A new school year starts Monday for most children across Clark County, and motorists should give themselves a little more time getting to work.
Buses filled with students will be joining us on the road after a long summer break. Slow down in school zones and be mindful of the kids and teens who opt to walk or ride a bicycle to campus.
“Drivers need to understand the role they play on the road, especially when it comes to children,” said Erin Breen, head of the Vulnerable Road Users Project at UNLV. “Being in a hurry is a contributing factor to a tragedy.”
While driving around today, remember to stop for bright yellow school buses with flashing red lights and extended arms bearing a “stop” sign, regardless of which direction you’re headed.
Some laws to keep in mind while driving through active school zones: no U-turns, no passing other moving vehicles, obey the directions of crossing guards and come to a complete stop when children are crossing the street.
There were 44 pedestrians fatally struck by vehicles this year across Southern Nevada as of Friday morning, an increase of more than 60 percent from the same point in 2016, Breen said.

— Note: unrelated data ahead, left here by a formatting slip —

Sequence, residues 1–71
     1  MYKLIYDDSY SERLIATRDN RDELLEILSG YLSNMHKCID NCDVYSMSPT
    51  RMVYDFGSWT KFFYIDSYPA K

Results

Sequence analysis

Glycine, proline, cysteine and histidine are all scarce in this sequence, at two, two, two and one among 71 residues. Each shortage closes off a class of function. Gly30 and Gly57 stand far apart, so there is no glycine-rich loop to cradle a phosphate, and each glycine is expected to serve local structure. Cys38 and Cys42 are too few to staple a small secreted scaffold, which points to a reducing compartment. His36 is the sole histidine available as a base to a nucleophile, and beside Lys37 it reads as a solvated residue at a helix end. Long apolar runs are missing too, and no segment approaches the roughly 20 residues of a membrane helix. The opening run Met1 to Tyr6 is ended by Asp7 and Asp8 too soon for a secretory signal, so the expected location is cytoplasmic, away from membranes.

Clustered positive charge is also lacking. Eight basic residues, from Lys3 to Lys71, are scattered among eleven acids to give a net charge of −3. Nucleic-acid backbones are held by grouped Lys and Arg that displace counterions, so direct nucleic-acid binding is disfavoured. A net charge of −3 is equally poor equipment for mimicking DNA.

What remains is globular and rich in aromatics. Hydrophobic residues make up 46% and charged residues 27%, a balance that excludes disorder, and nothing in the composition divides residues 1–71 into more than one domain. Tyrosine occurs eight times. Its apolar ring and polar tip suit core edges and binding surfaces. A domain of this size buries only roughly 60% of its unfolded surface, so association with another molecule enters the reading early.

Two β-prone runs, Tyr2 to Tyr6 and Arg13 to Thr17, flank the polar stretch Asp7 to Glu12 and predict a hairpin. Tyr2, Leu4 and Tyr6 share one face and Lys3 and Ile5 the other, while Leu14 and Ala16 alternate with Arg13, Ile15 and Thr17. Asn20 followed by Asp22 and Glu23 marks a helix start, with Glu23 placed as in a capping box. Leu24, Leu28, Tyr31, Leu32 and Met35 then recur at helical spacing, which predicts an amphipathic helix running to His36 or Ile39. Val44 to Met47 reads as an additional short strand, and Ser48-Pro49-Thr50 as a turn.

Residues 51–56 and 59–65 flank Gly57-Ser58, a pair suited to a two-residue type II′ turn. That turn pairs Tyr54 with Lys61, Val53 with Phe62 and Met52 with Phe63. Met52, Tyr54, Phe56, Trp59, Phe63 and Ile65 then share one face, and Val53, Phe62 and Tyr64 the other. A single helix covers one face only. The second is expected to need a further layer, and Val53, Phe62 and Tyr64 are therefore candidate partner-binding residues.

“We didn’t hit 44 pedestrian deaths until mid-November last year,” Breen said. “I don’t understand why it’s going up.”
Two girls died after getting struck by vehicles in separate incidents during the last school year.
Jazaya Williams, 15, was using a crosswalk when a Fiat failed to yield near Cimarron Road and Vegas Drive in January. She died from her injuries a week later.
One month later, 11-year-old Jazmin Espana died after she was hit by a Republic Services garbage truck at South Sandhill and East Viking roads.
Additionally, Breen said that at least two school-age boys were critically injured in separate accidents over the past school year.
To stay safe, children should travel with someone they know and stick with a planned route with plenty of sidewalks and marked crosswalks.